Noting that the United States and Pakistan have opposing goals for Afghanistan, an eminent American expert on South Asia has asked President Barack Obama to look beyond Islamabad and towards other like-minded partners in the region to stem terrorism and help stabilise the war-torn nation.
"Unless Pakistan demonstrates a willingness to actively squeeze Taliban insurgents on its soil and use its leverage to bring them to compromise with the US and Afghan authorities, the US should consider alternative policy options to stem terrorism in the region," Lisa Curtis of the Heritage Foundation, said.
In her latest article, Curtis said the US and NATO partners can look beyond Pakistan and toward other like-minded partners in the region to help stabilise Afghanistan.
"While it is in America's interest to encourage stability in Pakistan, it is also vital to US national security that international terrorists are rooted out of both Afghanistan and Pakistan," she said.
"Washington and Islamabad have opposing goals for Afghanistan that can no longer be brushed under the carpet," Curtis said adding that Pakistani officials often claim to their US counterparts that they lack capacity to take on terrorist sanctuaries within their borders, but these claims are questionable and need to be tested.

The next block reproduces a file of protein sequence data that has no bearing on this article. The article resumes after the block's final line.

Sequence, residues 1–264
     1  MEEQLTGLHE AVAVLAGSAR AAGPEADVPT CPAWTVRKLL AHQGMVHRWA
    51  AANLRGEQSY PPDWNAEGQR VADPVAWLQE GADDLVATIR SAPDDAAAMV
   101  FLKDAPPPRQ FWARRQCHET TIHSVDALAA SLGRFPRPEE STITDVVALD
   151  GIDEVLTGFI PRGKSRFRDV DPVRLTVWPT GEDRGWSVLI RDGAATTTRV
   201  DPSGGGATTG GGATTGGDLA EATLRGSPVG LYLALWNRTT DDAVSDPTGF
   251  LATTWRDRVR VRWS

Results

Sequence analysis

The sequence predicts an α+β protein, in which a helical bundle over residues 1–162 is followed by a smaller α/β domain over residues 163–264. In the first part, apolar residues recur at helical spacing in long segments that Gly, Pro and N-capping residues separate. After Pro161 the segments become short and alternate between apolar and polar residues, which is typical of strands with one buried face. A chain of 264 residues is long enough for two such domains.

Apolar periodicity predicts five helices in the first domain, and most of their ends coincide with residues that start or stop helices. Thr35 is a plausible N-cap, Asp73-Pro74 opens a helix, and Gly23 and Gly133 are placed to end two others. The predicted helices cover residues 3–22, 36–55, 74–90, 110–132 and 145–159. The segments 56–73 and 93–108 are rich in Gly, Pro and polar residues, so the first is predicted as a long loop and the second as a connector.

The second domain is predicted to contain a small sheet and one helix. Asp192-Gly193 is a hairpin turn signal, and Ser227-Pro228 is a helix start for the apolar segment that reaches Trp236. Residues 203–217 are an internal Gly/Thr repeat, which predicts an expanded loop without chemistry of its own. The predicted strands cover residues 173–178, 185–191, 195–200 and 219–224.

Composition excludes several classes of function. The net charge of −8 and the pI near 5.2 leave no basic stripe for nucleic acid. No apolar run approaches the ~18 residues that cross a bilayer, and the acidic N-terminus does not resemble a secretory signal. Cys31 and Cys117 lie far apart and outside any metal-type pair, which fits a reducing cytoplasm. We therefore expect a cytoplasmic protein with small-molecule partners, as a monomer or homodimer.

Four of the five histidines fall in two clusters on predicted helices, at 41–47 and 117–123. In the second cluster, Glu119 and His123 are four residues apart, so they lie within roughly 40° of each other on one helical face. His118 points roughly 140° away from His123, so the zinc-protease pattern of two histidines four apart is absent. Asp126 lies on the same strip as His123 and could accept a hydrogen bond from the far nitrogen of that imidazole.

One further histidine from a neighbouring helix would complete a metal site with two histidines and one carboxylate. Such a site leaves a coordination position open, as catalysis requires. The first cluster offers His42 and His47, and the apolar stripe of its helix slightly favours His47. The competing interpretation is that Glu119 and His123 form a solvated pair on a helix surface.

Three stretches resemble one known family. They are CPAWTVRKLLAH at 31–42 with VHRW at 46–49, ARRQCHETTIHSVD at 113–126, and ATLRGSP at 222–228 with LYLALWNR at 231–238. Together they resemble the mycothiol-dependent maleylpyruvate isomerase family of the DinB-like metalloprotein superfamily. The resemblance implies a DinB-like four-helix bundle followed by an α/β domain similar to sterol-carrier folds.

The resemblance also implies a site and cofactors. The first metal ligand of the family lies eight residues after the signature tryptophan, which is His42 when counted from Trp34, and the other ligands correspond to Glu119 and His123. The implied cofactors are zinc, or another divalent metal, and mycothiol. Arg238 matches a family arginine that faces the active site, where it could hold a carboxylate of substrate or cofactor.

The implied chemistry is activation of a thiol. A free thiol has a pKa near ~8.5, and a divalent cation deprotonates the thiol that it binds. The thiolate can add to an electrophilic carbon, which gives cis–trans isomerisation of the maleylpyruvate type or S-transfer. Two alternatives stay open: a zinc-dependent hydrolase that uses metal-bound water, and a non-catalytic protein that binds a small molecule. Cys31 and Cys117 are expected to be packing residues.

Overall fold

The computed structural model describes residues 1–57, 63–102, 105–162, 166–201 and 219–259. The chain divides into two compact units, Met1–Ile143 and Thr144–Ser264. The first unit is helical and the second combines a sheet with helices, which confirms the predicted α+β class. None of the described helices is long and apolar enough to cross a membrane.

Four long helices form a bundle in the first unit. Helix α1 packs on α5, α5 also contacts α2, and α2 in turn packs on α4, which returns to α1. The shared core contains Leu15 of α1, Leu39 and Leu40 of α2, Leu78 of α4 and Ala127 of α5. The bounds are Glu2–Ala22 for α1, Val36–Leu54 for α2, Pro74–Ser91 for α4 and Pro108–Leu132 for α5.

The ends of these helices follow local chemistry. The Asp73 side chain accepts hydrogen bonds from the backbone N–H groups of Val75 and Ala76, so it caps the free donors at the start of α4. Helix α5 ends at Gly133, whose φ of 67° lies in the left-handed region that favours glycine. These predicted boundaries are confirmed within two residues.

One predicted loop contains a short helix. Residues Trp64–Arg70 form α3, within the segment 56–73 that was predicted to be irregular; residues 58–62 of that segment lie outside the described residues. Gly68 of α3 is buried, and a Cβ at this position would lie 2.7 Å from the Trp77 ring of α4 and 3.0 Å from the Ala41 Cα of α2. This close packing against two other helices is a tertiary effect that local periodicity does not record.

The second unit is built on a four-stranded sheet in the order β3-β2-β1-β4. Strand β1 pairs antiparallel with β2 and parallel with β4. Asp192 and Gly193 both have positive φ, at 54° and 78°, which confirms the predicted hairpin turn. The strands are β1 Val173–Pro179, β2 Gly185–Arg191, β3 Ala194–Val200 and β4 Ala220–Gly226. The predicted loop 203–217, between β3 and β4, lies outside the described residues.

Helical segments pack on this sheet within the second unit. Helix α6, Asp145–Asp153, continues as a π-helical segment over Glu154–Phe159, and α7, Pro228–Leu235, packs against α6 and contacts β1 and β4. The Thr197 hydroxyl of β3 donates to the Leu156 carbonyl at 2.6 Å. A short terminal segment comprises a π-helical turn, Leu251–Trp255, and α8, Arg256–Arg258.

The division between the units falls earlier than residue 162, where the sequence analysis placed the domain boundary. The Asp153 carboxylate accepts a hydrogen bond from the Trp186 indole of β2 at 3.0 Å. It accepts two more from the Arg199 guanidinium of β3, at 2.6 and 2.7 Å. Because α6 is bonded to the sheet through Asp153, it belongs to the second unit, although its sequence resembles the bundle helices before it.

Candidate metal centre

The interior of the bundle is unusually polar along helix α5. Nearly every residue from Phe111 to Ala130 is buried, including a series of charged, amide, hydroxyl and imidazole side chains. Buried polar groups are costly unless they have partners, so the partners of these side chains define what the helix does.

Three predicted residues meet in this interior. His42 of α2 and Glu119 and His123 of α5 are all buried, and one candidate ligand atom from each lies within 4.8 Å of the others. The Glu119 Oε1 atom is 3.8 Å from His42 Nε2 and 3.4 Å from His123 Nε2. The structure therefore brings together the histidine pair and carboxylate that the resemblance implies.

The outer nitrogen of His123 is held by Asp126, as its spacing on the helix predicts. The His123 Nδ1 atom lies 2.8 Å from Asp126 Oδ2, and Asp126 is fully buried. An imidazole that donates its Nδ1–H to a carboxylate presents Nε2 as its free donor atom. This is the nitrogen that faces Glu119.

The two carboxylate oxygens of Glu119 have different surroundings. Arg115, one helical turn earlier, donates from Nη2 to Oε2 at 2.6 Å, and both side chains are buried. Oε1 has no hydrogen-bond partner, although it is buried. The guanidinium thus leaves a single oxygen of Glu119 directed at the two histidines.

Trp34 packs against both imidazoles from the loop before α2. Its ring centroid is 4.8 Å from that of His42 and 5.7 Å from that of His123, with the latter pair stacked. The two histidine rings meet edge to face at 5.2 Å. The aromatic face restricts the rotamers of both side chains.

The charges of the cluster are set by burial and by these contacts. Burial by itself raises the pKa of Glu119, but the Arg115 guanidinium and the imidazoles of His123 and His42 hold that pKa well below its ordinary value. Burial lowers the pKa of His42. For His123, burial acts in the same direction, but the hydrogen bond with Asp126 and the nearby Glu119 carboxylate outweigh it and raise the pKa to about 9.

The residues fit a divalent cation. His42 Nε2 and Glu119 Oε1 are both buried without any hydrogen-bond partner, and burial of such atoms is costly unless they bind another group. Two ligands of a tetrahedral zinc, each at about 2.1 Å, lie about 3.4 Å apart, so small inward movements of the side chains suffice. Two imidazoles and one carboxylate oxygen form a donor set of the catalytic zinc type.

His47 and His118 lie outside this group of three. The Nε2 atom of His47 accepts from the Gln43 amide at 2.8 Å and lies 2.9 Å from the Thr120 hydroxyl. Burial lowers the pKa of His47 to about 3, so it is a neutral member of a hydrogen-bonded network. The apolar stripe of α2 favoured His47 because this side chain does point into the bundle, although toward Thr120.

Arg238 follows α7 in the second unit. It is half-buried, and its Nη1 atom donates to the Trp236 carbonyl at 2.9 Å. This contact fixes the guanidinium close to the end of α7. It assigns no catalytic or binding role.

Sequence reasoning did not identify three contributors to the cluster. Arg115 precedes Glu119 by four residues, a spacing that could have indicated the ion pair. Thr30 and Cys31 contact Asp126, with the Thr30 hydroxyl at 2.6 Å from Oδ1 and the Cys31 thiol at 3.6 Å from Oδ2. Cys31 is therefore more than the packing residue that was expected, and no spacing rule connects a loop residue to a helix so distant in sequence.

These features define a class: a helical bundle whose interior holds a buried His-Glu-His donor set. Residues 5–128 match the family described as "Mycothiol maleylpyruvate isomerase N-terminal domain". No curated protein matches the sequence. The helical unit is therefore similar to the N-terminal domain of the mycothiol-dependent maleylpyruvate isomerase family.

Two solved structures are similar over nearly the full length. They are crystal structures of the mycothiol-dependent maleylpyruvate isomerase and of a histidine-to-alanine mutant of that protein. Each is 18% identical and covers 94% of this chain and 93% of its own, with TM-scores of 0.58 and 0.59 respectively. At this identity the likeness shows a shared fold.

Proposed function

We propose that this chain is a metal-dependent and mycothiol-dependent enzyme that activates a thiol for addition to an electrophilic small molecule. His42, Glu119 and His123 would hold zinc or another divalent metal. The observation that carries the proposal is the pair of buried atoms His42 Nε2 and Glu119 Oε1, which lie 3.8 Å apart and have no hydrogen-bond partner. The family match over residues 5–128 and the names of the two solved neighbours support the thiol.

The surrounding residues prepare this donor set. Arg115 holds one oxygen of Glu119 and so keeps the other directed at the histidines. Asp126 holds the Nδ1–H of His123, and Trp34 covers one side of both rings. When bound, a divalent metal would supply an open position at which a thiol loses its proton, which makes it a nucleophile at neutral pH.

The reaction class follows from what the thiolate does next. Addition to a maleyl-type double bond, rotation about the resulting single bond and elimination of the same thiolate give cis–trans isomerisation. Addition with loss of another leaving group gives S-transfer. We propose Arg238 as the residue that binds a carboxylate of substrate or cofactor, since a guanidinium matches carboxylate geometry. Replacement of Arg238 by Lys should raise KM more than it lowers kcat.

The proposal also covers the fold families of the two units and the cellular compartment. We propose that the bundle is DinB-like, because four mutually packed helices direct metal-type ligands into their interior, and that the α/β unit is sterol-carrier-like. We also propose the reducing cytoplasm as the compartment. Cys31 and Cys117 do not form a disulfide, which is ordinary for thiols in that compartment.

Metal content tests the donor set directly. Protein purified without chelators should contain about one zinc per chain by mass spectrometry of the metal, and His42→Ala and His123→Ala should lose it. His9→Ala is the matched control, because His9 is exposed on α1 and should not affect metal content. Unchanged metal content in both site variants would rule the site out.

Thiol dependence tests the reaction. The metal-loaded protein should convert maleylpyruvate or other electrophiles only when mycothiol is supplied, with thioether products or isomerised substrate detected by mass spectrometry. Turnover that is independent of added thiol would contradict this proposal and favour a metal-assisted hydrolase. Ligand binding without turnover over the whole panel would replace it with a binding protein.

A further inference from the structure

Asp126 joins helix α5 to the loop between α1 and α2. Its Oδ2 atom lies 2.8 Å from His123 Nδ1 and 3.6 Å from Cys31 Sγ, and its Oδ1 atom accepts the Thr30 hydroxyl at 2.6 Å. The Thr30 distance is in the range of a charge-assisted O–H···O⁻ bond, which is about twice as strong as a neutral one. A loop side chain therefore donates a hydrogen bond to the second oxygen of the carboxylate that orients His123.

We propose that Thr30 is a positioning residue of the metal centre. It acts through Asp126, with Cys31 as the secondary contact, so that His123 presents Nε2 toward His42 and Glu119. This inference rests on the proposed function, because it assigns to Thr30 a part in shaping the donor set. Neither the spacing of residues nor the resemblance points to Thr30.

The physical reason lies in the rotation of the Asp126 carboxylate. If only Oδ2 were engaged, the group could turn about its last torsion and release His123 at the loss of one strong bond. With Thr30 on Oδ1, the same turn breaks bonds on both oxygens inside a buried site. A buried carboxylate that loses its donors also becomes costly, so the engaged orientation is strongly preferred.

"At the least, the US should expect Pakistani authorities to punish individuals involved in supporting terrorism or harbouring Osama bin Laden," she wrote.
The Obama administration, she said, has sought to include Pakistan in its efforts to reconcile with the Taliban, even though Pakistan continues to serve as a sanctuary for Taliban and Haqqani network militants fighting coalition forces in Afghanistan.
"Islamabad views the sanctuaries as a bargaining chip to force its way into the negotiations process. Washington needs to make clear that Islamabad's role in the talks depends on its willingness to use its leverage with Taliban insurgents to bring them to compromise," she said.
Curtis said the US should also communicate that while it is open to engaging the Taliban, it is not desperate to do so and has other options it can pursue.
"Political reconciliation is desirable but only if it contributes to the goal of ensuring that Afghanistan never again serves as a safe haven for global terrorists," she said.